“Read your Bible.”
If there was one piece of tried and true advice applicable in almost any situation, it can be expressed in those three words:
What should I do if I’m feeling afraid?
Read your Bible.
How do I grow closer to Jesus?
Read your Bible.
How do I know what God wants me to do?
Read your Bible.
Some might scoff at that. Some might say that those three words are an easy answer to complicated problems; that this kind of advice is trite given the complexities of the world in which we live. And if that’s the response to those words, then the question behind that response is also very simple:
“Why is the Bible so important?”
Even if you believe the Bible, you can surely sympathize with the question, can’t you? I mean, we have more sources of information than ever before. You can find the answer to almost any question you have with just a few quick keystrokes. A universe of knowledge is at our disposal – so why is this book such a big deal? Why is it so important? The answer to that question is very long, but to get to a start, consider what the Bible says about itself:
All Scripture is God-breathed and is useful for teaching, rebuking, correcting and training in righteousness, so that the servant of God may be thoroughly equipped for every good work (2 Tim. 3:16-17).
In those verses, we find three overarching reasons why the Bible is so important:
1. Because of what it is.
The Bible is God-breathed. It is God’s Word. In its pages we find God’s revelation of Himself, and that’s the main purpose of the Bible. It’s not to tell us what to do or give us a roadmap for life; it’s meant to show us who God is because everything else in life flows from that understanding.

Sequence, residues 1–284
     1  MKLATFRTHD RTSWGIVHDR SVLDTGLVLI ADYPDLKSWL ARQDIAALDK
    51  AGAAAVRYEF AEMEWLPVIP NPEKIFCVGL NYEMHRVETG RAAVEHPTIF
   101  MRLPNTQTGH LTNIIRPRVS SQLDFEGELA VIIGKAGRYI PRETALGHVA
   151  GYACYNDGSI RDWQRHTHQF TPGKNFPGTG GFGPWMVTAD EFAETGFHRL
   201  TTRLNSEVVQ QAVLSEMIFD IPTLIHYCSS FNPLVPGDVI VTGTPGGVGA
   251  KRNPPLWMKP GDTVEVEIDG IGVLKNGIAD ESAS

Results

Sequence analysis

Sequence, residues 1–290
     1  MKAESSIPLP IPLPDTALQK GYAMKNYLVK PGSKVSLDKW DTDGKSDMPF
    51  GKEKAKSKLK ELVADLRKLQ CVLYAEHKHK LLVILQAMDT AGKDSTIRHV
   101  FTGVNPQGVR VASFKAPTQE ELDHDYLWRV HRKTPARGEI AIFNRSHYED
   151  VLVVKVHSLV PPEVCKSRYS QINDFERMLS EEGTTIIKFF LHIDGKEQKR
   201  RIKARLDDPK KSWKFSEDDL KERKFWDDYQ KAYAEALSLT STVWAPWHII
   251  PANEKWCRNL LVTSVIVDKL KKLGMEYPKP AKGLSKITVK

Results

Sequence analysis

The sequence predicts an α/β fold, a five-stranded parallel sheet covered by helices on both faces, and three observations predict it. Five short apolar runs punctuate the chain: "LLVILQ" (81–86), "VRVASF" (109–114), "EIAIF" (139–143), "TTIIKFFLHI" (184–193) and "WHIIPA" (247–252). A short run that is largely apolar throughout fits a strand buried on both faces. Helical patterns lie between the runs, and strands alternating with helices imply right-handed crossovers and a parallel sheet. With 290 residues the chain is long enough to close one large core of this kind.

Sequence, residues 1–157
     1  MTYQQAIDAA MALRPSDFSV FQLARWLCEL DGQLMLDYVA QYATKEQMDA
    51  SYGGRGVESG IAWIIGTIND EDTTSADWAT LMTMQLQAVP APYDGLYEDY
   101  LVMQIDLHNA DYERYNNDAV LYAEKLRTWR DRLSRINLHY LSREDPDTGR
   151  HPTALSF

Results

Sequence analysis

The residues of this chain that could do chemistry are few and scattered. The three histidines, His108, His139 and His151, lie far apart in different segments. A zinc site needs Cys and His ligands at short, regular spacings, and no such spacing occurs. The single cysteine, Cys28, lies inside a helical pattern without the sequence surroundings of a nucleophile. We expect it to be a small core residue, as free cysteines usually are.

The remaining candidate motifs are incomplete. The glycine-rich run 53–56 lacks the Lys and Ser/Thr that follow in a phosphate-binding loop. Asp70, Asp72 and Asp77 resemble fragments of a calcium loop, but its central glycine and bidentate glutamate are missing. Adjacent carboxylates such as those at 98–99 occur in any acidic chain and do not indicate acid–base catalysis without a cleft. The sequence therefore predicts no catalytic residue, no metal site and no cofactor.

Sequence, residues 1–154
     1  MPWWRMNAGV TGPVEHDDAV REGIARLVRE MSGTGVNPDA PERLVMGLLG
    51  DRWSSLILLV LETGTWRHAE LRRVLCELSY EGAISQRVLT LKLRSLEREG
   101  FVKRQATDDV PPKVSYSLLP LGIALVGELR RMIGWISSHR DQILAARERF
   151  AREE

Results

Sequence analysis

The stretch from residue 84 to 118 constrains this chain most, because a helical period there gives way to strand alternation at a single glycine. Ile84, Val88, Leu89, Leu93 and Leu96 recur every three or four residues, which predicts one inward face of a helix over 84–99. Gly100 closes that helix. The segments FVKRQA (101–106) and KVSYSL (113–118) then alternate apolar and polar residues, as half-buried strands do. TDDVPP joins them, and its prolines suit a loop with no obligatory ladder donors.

God breathed out this revelation of Himself so that we might know what He is like, and so that we might worship and follow Him rightly. He did not leave us in the dark about who He is or our origin in Him, but instead gave us this word which is perfect. Unalterable. Unchanging. This is the nature of the Bible and this is the first reason why it’s so important.
2. Because of who we are.
The second reason why the Bible is so important is because of who we are. Notice back in 2 Timothy all the things the Bible is used for – “teaching, rebuking, correcting and training in righteousness.” So who does it teach? Who does it rebuke? Who does it correct and train?
Us. And that’s because we need all those things. We have an immense capacity for self-deception, but God’s Word will tell us the truth about ourselves. It will, through God’s Spirit, correct and rebuke and teach us. We need God’s Word to do this because we cannot be trusted to do it for ourselves.
3. Because of what it does.
The final reason the Bible is so important is because of what it does. Yes, it teaches, rebukes, corrects, and trains, but if we keep following the passage we see that it also equips us for every good work. How does the Bible do this?
And how does it do this especially since it does not speak specifically to many of the issues we find in the world today? For example, we don’t find many of the issues surrounding sexual identity explicitly spelled out in Scripture. Neither do we find a particular parenting checklist or a manual about how to have a healthy marriage. And yet what we do find there are the basic principles that apply to all these specific situations. The way the Bible equips us for all we encounter is not by telling us what to think in all those situations; it equips us by teaching us how to think in the midst of all those situations.
The Bible does all these things and more, and yet it does none of these things if it stays on the shelf. So if we believe that the Bible is what it says it is and does what it says it can do, then the only sane thing for us to do is…
Read the Bible.